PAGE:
Choose Your Own Adventure

Maybe life is more like a “Choose Your Own Adventure” book than a box of chocolates, with apologies to Forrest Gump. The problem is, at some point we forget we can choose.

With life, it’s more difficult to look ahead at the different outcomes before you make a decision. But unless you choose, you are stuck on the same page.

Without being able to read ahead, the stakes feel bigger. We are talking about our lives, how can we make choices like that? What if we make the wrong one? If you belong to the overthinkers club like I do, that kind of stuff can keep you up at night.

The analogy between books and lives breaks down when it comes to time. We are on the clock when it comes to our lives. If I don’t choose, the clock still ticks and there is less of life left for the choosing. When I look back on the past 10 years, so much has happened, and yet it feels like the blink of an eye. If I try to look forward, it can be exhilarating and frightening at the same time. So what do I do?

The times in my life that I know have worked out the best, have been when I let go. Now when I say or think “let go,” I hear the voice of my friend and fellow small group leader Barbara Coleman, who says, “let go and let God.”

I come frequently to those places, those crossroads, those decision points in life where I feel too busy, too worried, and wonder what to do on a loop. And yet when I go for a long run, or pray, or hike/walk, or sit outside, I can feel something. If I let it all go, and listen and look, there is something there.

…with the eyes of your heart enlightened, you may know what is the hope to which he has called you (Ephesians 1:18)

I come back to the words from Ephesians and close my eyes so that the eyes of my heart can open. And when I let go of everything else, I can see.

Sometimes. I am not great at always pulling that off. I have a long way to go and a lot to learn to get there.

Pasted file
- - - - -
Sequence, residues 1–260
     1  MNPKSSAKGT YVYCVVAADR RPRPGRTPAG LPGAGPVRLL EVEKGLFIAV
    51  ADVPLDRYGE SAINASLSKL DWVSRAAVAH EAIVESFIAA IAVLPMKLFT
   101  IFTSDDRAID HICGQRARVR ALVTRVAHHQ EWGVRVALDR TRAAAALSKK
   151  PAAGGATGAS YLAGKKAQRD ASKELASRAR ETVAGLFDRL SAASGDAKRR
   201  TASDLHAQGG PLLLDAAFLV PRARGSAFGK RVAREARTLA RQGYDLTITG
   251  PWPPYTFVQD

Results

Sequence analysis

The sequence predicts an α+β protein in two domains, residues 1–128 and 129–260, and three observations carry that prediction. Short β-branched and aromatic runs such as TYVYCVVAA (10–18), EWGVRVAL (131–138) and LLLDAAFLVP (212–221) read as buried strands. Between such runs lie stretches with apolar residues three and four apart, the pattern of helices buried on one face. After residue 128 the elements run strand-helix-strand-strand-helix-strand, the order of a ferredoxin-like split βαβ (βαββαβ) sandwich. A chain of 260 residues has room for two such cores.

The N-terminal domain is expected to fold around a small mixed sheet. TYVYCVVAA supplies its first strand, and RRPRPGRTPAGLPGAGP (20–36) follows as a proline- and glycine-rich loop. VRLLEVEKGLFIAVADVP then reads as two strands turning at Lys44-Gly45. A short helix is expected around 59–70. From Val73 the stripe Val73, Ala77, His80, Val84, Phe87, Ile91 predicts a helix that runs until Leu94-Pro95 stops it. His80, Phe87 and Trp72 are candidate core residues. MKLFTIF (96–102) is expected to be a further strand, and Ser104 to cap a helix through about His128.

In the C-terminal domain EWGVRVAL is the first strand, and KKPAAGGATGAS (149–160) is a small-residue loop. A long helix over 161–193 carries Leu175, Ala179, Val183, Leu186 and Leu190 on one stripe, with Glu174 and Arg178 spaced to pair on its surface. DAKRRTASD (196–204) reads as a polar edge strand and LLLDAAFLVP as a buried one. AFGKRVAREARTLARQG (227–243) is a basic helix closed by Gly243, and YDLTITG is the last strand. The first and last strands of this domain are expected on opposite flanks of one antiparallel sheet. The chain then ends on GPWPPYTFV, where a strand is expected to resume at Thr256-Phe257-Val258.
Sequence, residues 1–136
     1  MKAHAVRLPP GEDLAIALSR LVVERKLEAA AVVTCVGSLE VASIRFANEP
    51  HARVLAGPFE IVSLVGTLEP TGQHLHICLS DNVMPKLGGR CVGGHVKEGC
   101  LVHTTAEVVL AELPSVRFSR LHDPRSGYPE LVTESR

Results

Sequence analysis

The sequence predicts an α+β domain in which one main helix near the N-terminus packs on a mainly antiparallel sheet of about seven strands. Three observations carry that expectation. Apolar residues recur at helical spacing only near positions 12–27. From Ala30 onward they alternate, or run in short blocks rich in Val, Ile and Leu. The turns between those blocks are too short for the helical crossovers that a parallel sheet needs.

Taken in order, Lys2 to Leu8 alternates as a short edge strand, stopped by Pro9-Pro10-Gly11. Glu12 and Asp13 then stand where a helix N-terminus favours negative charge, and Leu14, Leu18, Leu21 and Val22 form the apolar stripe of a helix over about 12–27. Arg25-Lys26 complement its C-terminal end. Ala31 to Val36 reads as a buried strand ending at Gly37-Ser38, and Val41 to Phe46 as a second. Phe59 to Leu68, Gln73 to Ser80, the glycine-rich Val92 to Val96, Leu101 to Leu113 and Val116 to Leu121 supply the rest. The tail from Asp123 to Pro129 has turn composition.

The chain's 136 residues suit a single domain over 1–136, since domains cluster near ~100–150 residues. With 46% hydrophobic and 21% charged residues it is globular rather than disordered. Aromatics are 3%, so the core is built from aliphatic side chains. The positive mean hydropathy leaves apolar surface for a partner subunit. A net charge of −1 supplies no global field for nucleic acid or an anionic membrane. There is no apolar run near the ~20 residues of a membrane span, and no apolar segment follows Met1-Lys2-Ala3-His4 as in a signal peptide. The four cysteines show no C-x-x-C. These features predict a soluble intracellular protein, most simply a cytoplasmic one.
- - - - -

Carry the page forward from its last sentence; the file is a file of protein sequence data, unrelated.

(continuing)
But I have learned what it feels like when I give myself over to it. When I submit, surrender, and trust that God is at work. Worry is replaced by peace. Confusion gives way to clarity. And smiles and laughter emanate through my whole being.

So there’s that. I just need to do it more often. And those times are when I know I am thinking the way I need to to choose my own adventures. Those that make me who I am, use my talents and desires, feel in sync with the Universe, and give back to God.

Scripture, Small Groups & Ephesians

This week at Christ Church Easton, we kick off a small group study of The Letter of St. Paul to the Ephesians. The build up, the study, the reflection, and prayer has led me to think about the nature of Scripture and how we read it and relate to it. And why. I doubt it’s a coincidence that one of my go-to thinkers, Richard Rohr, is spending this week talking about Scripture:

Serious reading of Scripture will allow you to find an ever-new spiritual meaning for the liberation of history and your own soul as you discover that the text holds truth on many levels… Sacred texts will always maximize your possibilities for life, love, and inclusion, which is precisely why we call them sacred.